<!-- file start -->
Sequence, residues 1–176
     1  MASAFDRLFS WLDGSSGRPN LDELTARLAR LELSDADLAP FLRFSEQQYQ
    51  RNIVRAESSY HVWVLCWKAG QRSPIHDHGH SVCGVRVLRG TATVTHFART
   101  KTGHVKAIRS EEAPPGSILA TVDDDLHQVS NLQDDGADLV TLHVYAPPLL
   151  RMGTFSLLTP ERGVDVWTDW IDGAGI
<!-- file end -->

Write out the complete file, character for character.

Sequence, residues 1–176
     1  MASAFDRLFS WLDGSSGRPN LDELTARLAR LELSDADLAP FLRFSEQQYQ
    51  RNIVRAESSY HVWVLCWKAG QRSPIHDHGH SVCGVRVLRG TATVTHFART
   101  KTGHVKAIRS EEAPPGSILA TVDDDLHQVS NLQDDGADLV TLHVYAPPLL
   151  RMGTFSLLTP ERGVDVWTDW IDGAGI